The American Civil Liberties Union (ACLU) of Massachusetts on Wednesday launched an interactive digital map that tracks alleged data related to cases of police violence and misconduct across that state.
(TNS) — The American Civil Liberties Union (ACLU) of Massachusetts on Wednesday launched an interactive digital map that tracks alleged cases of police violence and misconduct across the state.
The newly released map currently shows at least 115 reported cases of police brutality in 34 Massachusetts cities and towns over the last 10 years. It also reports dozens of examples of documented misconduct, the ACLU of Massachusetts said in a statement.
The online tool is a key part of the organization’s Police Violence Happens Here campaign, which aims to highlight reported cases of misconduct at the hands of law enforcement in the state and underscore the need for police reform, according to the statement.
The ACLU launched the campaign Wednesday at an event where supporters of the organization’s efforts demonstrated in communities that have seen cases of police violence in recent years, including Boston, Worcester, Springfield and others, the ACLU said.
One such community on the map was Framingham, where 68-year-old Eurie Stamps was killed by a police officer nine years ago. He was lying on the ground in compliance with officers' commands, unarmed and in his own home when he was fatally shot.
A tweet from the ACLU of Massachusetts on Wednesday showed a person holding up a sign in Framingham that read, “#policeviolencehappenshere." In Cambridge, where Stamps grew up, multiple demonstrators were holding up signs with the same message as well as a banner dedicated to the 68-year-old man.
“Contrary to the claims by police unions and other opponents of meaningful reform, Massachusetts is not immune to harmful or racially-disparate policing,” said Carol Rose, executive director of the ACLU of Massachusetts. “Police violence and misconduct happen here, in every corner of the state. From Boston to Springfield to Pittsfield, people experience policing differently depending on who they are and to what community they belong.”
The map was developed by the ACLU of Massachusetts' Data for Justice Project and aims to serve as a resource for the press, activists and the public. The tool draws from media reports to mark reported incidents of brutality and misconduct.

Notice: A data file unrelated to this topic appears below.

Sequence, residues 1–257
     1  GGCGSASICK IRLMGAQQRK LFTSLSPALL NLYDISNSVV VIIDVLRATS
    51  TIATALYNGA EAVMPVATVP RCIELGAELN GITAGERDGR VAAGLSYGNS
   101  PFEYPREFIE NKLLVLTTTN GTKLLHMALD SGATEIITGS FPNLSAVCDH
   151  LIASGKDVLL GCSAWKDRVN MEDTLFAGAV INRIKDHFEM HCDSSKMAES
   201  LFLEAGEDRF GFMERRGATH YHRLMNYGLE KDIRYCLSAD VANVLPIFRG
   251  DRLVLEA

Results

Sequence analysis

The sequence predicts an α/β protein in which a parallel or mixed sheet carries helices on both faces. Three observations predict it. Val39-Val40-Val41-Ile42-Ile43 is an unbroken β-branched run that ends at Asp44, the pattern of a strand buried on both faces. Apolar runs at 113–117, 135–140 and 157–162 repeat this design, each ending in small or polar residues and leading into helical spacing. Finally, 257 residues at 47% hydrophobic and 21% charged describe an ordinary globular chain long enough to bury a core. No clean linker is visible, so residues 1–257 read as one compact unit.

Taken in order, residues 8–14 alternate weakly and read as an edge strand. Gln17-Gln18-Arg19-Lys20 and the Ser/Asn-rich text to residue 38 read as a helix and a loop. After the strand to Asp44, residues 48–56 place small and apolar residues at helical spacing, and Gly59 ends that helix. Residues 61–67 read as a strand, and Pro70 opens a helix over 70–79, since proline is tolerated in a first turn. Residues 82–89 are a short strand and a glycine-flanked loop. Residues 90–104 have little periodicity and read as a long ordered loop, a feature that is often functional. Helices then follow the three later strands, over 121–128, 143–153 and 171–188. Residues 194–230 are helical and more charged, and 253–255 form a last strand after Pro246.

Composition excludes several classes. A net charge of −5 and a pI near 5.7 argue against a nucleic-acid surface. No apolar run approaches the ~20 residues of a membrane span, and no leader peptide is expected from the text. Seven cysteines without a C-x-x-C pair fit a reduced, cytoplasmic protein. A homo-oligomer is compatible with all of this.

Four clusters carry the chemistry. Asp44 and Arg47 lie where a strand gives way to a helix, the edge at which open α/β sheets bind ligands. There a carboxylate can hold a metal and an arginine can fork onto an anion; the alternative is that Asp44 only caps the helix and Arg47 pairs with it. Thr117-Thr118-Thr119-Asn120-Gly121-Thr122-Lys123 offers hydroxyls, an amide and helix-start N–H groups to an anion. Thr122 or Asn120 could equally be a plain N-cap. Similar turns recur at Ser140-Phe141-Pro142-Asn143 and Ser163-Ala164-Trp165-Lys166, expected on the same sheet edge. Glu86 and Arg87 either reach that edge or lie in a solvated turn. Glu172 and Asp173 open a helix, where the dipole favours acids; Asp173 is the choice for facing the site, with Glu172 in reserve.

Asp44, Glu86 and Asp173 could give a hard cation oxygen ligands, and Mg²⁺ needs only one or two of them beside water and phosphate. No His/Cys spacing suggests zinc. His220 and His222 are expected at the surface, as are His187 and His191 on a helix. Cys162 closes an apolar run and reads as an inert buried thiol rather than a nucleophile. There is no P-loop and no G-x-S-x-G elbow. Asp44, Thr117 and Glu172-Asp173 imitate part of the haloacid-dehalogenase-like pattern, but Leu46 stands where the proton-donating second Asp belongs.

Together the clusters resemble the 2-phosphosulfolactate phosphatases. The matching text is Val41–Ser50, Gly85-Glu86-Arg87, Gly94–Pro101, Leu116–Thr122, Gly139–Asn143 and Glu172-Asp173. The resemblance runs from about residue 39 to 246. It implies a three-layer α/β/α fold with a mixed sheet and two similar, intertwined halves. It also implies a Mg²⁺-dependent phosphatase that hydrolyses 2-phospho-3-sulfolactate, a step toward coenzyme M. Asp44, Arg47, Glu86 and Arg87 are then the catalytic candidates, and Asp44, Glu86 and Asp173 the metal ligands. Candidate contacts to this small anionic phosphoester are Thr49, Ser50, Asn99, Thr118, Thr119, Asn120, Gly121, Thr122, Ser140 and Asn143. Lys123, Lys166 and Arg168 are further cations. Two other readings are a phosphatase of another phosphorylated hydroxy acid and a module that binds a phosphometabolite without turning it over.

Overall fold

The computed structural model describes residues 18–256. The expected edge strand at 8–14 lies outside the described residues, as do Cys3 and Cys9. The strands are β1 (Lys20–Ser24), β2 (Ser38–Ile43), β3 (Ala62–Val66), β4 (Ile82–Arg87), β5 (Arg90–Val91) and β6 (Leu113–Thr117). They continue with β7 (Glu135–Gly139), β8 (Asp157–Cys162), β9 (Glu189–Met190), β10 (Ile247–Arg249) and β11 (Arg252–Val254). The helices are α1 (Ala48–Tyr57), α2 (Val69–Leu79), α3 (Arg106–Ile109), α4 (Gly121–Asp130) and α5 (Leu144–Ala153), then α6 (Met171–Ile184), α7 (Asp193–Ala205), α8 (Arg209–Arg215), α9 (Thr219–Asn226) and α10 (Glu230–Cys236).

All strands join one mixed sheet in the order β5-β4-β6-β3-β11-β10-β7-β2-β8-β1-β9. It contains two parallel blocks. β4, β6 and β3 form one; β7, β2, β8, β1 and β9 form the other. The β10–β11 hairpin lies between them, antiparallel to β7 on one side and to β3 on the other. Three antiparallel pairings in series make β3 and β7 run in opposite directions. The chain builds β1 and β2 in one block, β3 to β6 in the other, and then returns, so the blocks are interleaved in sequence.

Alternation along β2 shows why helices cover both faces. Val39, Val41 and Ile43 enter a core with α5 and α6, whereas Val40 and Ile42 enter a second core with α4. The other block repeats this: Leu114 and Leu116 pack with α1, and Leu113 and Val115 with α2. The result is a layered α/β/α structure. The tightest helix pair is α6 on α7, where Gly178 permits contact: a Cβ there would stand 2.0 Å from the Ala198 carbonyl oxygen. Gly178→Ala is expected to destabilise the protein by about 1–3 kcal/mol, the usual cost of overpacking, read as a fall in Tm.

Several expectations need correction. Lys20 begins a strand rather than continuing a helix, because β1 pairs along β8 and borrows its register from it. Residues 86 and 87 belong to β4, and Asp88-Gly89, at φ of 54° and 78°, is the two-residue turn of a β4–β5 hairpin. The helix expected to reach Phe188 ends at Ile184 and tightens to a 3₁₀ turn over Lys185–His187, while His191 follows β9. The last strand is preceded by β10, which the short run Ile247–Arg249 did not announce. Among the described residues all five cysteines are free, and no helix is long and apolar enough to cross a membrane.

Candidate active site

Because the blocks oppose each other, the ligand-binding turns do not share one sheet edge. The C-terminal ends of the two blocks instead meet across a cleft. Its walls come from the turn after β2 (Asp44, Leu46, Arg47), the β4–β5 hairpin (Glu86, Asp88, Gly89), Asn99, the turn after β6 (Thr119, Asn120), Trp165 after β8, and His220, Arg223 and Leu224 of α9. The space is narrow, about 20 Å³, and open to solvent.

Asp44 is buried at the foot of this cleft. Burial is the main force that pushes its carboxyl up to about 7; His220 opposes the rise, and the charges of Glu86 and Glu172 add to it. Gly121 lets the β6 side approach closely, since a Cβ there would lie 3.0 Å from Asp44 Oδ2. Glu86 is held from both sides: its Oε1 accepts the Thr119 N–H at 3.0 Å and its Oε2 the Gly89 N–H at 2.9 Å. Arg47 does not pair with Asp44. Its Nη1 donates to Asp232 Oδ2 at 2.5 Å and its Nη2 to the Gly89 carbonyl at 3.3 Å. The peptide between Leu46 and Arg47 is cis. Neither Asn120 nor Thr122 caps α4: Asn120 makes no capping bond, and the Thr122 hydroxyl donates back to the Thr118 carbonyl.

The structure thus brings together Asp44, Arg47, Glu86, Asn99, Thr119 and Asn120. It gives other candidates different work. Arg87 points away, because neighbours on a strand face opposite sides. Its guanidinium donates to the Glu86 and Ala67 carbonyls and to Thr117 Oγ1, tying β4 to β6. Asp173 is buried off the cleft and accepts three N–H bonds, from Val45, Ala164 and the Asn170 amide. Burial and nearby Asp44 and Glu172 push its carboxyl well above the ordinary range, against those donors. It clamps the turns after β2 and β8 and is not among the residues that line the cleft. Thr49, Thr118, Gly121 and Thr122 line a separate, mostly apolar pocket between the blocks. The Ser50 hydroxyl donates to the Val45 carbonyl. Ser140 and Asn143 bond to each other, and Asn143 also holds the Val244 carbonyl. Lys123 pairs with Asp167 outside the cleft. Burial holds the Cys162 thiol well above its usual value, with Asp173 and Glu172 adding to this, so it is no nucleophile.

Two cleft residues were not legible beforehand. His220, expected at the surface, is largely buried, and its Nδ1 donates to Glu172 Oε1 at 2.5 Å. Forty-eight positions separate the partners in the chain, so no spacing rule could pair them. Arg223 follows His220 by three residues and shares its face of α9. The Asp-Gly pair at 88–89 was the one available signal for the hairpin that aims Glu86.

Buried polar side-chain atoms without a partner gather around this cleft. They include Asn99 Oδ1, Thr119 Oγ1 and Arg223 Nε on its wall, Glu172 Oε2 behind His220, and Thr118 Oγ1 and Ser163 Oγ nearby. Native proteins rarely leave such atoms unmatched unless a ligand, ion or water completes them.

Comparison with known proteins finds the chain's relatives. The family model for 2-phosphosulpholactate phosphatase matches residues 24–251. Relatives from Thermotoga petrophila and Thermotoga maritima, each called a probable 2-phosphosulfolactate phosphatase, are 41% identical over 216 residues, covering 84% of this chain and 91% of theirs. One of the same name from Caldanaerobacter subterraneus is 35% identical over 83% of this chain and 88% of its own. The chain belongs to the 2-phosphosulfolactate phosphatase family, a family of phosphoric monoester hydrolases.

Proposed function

However, the organization noted, many incidents of police wrongdoing are never reported, so the public will be able to offer comments and suggestions to the ACLU to further populate the map with cases of violence and misconduct.
“What appears on this map likely just scratches the surface of the problem,” the organization said.
Amid nationwide calls for racial justice and an end to police brutality that erupted after the killing of George Floyd, an unarmed Black who died at the hands of a Minneapolis police officer in May, both branches of the Massachusetts State Legislature put forward police reform proposals.
Efforts to shore up a final piece of legislation have been ongoing since late July, when a six-member conference committee was tasked with finalizing the compromise policing reform and accountability bill.
Among the reforms the ACLU is calling for are an end to immunity for officers who violate the law and harm civilians, the creation of an independent police licensing system, a ban on law enforcement’s use of face surveillance technology, a prohibition on the most violent police tactics and investing in over-policed communities.
“Bay Staters deserve equal justice and demand meaningful police reform. Massachusetts lawmakers must act now to address past violence and prevent future harms," Rose said.
©2020 MassLive.com, Springfield, Mass. Distributed by Tribune Content Agency, LLC.
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